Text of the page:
Telehealth is an innovative, convenient, and effective way for health care providers to deliver acute, primary, and specialty medical care and support to patients located in all areas of the state, with a particular focus on rural and/or underserved areas. Through the use of high-tech videoconferencing equipment, telehealth can enable doctors many miles away to care for patients with any condition ranging from life-threatening (e.g., cardiac arrest, ischemic stroke) to basic (e.g., routine asthma care for school children).

MUSC’s first telehealth program launched in 2005 with a maternal-fetal medicine program that treated women with high-risk pregnancies in underserved communities. Building on its success, MUSC opened a telestroke program in 2008.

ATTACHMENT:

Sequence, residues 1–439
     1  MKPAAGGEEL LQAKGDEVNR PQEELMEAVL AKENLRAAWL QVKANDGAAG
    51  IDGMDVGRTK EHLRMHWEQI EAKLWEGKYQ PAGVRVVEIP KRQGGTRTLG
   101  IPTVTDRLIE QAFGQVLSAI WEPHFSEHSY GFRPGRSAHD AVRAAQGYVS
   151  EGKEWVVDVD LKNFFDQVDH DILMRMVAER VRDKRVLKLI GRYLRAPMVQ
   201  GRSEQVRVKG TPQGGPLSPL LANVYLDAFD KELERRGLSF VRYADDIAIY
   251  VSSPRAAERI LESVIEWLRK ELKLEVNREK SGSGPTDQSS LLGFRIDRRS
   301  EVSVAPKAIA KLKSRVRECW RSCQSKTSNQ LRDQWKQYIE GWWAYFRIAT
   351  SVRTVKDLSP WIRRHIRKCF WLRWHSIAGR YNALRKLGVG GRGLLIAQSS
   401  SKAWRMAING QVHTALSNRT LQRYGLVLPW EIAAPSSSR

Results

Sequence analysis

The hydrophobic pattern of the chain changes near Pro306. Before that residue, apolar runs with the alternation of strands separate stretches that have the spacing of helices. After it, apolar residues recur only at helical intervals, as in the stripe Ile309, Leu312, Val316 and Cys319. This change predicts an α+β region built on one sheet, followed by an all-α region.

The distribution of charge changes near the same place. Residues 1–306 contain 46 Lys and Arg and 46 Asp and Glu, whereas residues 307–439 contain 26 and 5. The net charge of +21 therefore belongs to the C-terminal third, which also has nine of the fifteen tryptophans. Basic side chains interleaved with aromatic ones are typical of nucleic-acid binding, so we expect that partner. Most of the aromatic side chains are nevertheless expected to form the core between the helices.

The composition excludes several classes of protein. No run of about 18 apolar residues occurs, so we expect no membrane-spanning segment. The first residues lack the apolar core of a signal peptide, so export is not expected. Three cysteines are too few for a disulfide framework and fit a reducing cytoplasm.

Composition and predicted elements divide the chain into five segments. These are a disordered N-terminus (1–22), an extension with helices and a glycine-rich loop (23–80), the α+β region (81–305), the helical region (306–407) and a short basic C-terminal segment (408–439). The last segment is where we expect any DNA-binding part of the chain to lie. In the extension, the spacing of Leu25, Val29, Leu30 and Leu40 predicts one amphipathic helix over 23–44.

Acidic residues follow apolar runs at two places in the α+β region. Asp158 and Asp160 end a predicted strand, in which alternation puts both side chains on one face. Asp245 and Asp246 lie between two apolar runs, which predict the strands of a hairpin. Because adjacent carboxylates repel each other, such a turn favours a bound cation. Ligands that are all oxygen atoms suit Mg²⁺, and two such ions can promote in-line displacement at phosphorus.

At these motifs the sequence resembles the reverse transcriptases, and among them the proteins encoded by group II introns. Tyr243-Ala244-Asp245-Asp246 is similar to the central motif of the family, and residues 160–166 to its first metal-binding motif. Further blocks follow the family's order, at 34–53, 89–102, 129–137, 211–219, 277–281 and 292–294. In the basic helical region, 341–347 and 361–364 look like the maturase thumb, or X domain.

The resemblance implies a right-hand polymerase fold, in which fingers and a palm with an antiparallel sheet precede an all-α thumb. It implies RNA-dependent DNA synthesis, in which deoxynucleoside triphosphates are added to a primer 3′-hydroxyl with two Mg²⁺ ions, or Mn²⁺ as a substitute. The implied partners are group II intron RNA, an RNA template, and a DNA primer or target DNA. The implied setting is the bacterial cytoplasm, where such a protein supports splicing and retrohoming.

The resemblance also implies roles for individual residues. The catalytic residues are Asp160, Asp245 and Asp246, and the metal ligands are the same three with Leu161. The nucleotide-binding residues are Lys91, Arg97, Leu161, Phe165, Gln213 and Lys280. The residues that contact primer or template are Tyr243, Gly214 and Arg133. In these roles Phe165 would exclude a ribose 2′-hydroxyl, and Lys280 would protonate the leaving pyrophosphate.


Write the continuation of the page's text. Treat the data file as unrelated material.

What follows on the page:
“The inception of telehealth at MUSC was grassroots-driven. Individual clinicians who saw a need tried to meet those needs with telehealth technology. Early on, we didn't have the institutional support to develop a comprehensive program." - Dee Ford, M.D.

“The inception of telehealth at MUSC was grassroots-driven. Individual clinicians who saw a need tried to meet those needs with telehealth technology,” says Ford. “Early on, we didn’t have the institutional support to develop a comprehensive program.”

But MUSC’s improved outcomes and demonstrated benefit to the communities MUSC serves captured the attention of the state legislature. As a result, in 2013, MUSC received $12.4 million in state appropriated funds to advance telehealth initiatives throughout the state. The legislature has appropriated funds each year since.